Food & Drink, Libations

A tour through the reds of France

A few years ago I got a sample of a new wine, Hob Nob by Georges Duboeuf. I declined to review it. I don’t review wines I dislike as there are more than enough good wines on the shelves to keep me busy.

I revisit wines I dislike fairly regularly, just in case the wine style or my taste buds have changed. So to that end this week I again tried a bottle of Hob Nob pinot noir… It still tastes too much like vanilla extract for me.

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That’s why it’s popular. The single most popular wine in this province (and North America and maybe the world) is a wine just as sweet, Apothic, and the competitors for the next several spots don’t differ too much away from that model. The idea is to produce wines sweetened, rich and oaky  because everything else is a hard sell.

The interesting thing is it was the French who pioneered this new category, as they tried to make wines they thought Americans would drink. Of course it was the Americans who really made the big money from it, but the fact remains that it is the French who pioneered the wine, and this is something people constantly forget about the French: This is a country that makes an astounding variety of wines at all price points.

So Hob Nob isn’t a wine for me but so what? If you are a fan of “smooth” wines (usually referred to as ‘big, bold reds’ by servers – it is a sort of industry code) Hob Nob is a perfectly well made wine aimed at people who dislike both tannin and acidity. Nice flavour set and packaging make this a wine to try if you’re a fan of zinfandel or “smooth” merlot.

A more traditional take on pinot noir is available for a mere $13 from Rothschild. In general this is a firm that makes superb Bordeaux, and hopes that eventually to lead you up the ladder to their better wines. To jump from Hob Nob to a stern cabernet would be a leap to far, but I would think you could progress from Hob Nob to Rothschild pinot noir without trouble.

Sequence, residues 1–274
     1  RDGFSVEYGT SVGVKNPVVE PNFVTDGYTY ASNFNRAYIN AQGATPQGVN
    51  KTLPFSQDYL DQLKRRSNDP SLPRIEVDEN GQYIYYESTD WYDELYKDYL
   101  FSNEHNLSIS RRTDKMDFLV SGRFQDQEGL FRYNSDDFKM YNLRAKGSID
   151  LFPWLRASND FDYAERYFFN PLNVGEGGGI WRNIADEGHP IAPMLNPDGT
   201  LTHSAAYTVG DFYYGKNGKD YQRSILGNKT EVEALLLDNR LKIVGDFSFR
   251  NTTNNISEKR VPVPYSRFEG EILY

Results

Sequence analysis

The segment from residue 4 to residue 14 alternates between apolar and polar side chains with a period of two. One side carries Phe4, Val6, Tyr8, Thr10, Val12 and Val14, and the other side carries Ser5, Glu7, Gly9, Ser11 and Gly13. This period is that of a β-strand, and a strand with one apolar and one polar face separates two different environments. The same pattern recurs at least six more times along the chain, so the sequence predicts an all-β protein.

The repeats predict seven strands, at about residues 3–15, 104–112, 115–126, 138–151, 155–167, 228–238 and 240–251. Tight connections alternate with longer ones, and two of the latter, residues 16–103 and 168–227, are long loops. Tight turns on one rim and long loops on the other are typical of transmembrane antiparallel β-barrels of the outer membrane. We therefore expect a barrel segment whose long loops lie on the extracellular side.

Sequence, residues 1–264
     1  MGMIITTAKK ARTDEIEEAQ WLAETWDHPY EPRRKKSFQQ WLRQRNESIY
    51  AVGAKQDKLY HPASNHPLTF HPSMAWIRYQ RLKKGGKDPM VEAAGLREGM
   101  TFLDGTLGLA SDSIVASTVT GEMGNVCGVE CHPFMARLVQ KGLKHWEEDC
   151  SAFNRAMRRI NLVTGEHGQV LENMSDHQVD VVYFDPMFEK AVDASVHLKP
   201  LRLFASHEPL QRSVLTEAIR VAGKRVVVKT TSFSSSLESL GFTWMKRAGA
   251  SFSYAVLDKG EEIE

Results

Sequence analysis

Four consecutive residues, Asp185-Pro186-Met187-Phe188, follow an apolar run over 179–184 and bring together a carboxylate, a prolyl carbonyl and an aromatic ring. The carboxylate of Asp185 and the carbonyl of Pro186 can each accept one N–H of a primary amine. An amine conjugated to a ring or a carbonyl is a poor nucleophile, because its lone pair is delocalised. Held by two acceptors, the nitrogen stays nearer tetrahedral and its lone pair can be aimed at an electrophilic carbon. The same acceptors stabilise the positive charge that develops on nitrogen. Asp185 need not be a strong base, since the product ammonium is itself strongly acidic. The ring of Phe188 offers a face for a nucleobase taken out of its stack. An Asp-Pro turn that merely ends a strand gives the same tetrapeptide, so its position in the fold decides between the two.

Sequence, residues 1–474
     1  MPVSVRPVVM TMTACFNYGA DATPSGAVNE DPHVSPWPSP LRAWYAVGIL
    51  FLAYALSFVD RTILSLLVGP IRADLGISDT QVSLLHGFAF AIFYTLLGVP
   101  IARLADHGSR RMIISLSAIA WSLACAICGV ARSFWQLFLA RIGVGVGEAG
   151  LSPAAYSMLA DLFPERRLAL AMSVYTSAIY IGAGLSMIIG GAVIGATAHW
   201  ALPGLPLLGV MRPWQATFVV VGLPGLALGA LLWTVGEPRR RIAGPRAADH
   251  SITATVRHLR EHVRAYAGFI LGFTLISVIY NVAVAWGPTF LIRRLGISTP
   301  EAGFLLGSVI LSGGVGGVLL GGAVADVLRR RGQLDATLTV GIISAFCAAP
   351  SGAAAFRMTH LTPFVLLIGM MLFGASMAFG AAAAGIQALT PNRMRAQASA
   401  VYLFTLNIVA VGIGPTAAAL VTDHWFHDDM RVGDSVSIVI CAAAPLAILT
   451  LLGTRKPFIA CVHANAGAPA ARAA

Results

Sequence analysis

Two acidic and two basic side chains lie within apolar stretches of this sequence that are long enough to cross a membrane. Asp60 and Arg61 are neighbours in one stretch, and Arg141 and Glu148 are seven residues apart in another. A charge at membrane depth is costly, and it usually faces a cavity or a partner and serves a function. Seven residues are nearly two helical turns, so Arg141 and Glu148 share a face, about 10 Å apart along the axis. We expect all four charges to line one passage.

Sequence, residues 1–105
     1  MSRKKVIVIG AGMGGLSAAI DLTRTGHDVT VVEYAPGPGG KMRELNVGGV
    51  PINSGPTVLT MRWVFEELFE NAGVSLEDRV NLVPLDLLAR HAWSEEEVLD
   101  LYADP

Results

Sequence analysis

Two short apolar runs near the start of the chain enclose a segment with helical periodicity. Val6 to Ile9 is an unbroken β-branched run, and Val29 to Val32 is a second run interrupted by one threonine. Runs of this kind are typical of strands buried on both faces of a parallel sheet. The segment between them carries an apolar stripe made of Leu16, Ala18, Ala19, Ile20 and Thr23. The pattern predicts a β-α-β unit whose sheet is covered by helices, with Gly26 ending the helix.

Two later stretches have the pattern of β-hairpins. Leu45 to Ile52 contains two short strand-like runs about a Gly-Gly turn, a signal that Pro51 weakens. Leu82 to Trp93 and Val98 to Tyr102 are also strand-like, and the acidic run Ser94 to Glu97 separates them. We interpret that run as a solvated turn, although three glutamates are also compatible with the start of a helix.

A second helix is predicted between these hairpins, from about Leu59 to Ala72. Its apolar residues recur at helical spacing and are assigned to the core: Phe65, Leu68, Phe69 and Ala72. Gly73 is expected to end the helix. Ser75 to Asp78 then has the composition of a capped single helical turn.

This isn’t a great pinot noir: The flavours are not terribly intense. It has a strawberry nose with a touch of leather, a lean profile and a nice crisp acidity. The tannins are quite restrained (PN fans refer to them as ‘fine grained’ and often find the combination ‘sexy’.) If you like pinot noir but wince at the prices, Iíd suggest this one will very much suit you.

If you prefer a drier – which is to say more tannic – fruitier wine, you need to try wines from the South of France made from traditional grapes. This is the home of syrah, the model for the entire Australian wine industry. Less expensive wines from the area are usually made from grenache noir and other grapes even less well known. They arenít expensive, and they’re very quaffable.

There are two such wines widely available on the prairies by large vintners who know what they are doing: Marius(Chapoutier) and Vieille Ferme (Perrin). They look and smell enormously alike. They share a lovely dark fruit bouquet, with a nice fresh palate. Vieille Ferme finishes a little sweeter and the tannins are stronger in Marius. Otherwise these are two very similar wines and which you like most will depend on our own preferences. Vielle Ferme is, like all Perrin wines organic as well.

To get even more traditional, there is a great wine from the area, Perrin Cotes du Rhone Reserve. It is unique in that it is an estate wine (as opposed to a blend from several estates) by a family that is organic and knows what they’re doing.

If you’re a fan of Wine Spectator style (which really is the progenitor of the Hob Nob et al. Style) Perrin Reserve will be too light, and too brisk. It is a traditional Rhone red at a very attractive price. Made from grenache noir, syrah and mouvedre it has fine grained tannins, a nice acidity to it, with a light fruity finish. It is a tremendous deal, and we drink it regularly.

Finally, no discussion of French reds would be complete without a nod towards Bordeaux. Chateau Canada – doubtless named by an ex-courier du bois nostalgic for the woods – is a Bordeaux Superior, which is to say a cut above the bulk wines. They’ve labeled the wine for the Canadian market, noting the blend on the front

This is a quite decent Bordeaux. It will be much too stern a wine for the lovers of Hob Nob et al., but I think if you’ve made it past the fruitier Rhone style and like a wine with a bit of authority, then this wine will suit you perfectly.

Perrin Cotes du Rhone Reserve, France, 2010. $17.18 ****
Chateau Canada, France, 2011. $17.51 ****
Vielle Ferme, France, 2009. $13.57 ****
Marius Red, France, 2011. **** $15.99
Baron Rothschild Pinot Noir, France, 2011. $13.75 ***
Hob Nob Pinot Noir, France, 2011. $15.99 ***


James Romanow writes about Wine and all things Boozy for the Spectator Tribune. Follow him @drbooze

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